People who say this stuff need to do the arithmetic. How much evaporation would it need? The answer is, far too much. About 5m/year, which would then have to fall as rain.

TimTheToolMan

People who say this stuff need to do the arithmetic. How much evaporation would it need? The answer is, far too much. About 5m/year, which would then have to fall as rain.

Not all of it has to be evaporation. Some of it is, as you suggested earlier, radiated as part of the ocean surface’s requirement to radiate according to S-B. Its a question of what the net effect is on ocean energy content with additional LWIR.

richard verney

Some years ago, Nick and I exchanged some comments on this, and Nick made a calculation on the amount of rainfall that would result from the average DWLWIR being fully absorbed in the top 10 microns. If I recall it was over 5 metres of rainfall annually, whereas we estimate that we have only about 1 to 1.5 metres of rainfall..

I do not consider that anyone knows what is really happening at the ocean/atmosphere interface (say the bottom millimetres of the atmosphere and the first millimetres of the ocean).

But what we do know is that DWLWIR is not carried to depth. We can see this in the night time temperature profile of the ocean where even though the ocean is being bombarded with DWLWIR, the temperature profile is cooler in the top 15 microns, and then remains constant between about 15 microns and 5 metres.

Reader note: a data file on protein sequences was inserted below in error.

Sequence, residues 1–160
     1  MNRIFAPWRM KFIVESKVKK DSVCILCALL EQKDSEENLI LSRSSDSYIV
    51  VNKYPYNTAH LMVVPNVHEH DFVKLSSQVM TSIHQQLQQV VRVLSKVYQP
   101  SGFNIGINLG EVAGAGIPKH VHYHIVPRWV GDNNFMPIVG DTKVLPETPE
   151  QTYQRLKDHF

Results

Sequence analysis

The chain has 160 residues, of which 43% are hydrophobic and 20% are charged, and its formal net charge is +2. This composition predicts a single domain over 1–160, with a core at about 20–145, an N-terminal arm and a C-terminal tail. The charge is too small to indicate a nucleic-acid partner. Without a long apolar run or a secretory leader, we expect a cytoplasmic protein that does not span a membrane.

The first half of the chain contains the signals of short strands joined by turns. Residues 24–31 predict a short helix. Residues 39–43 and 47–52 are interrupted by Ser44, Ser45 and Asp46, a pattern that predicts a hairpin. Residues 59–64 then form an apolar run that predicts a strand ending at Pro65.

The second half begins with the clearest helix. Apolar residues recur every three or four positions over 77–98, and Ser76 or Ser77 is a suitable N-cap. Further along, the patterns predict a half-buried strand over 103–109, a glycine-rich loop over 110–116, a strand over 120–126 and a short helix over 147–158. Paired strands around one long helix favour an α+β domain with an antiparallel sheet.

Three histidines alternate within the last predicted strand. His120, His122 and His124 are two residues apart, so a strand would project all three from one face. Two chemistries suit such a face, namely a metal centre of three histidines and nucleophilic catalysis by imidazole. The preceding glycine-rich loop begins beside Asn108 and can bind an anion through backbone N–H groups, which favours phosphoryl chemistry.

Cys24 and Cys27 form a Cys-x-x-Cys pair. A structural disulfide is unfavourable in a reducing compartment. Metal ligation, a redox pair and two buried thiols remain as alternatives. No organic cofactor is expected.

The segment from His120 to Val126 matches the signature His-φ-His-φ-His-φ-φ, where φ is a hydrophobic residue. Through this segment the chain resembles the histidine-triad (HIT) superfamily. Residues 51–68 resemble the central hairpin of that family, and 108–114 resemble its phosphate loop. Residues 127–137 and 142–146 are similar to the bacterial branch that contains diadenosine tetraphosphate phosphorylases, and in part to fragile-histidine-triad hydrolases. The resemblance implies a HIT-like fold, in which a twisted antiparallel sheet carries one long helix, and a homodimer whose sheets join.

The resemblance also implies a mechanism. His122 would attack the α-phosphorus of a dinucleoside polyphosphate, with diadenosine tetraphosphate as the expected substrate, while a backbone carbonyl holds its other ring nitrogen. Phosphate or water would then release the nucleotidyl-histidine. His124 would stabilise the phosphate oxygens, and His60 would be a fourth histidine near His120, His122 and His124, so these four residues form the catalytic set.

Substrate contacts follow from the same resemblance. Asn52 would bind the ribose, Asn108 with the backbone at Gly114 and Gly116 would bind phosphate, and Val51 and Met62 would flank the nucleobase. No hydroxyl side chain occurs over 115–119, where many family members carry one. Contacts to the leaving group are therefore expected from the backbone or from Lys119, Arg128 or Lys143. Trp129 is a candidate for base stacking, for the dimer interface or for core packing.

If DWLWIR was being mixed and sequestered to depth, one would expect to see the top cm warmer than the next cm and so on gradually cooling the deeper one looks.

See the NASA Modis data on the temperature profile of the oceans. (a) is night time temperatures, and (b) is day time temperatures. If DWLWIR was making its way down to depth, one would expect at night to see a similar profile to that of the day, but not as warm since not as much energy is being received at night.

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richard verney

Nick,

We have had some exchanges on this some years ago. At the time, I was suggesting that perhaps DWLWIR is nothing more than a signal (that can be measured) but perhaps it is not energy capable of performing sensible work in the circumstances and the medium in which it finds itself.

In support of that contention, I was making the point that IF DWLWIR was capable of sensible work, given the absorption characteristics of LWIR in water, there is so much energy being absorbed in the top MICRONS that perhaps one would expect to see copious evaporation/rainfall that we are not observing.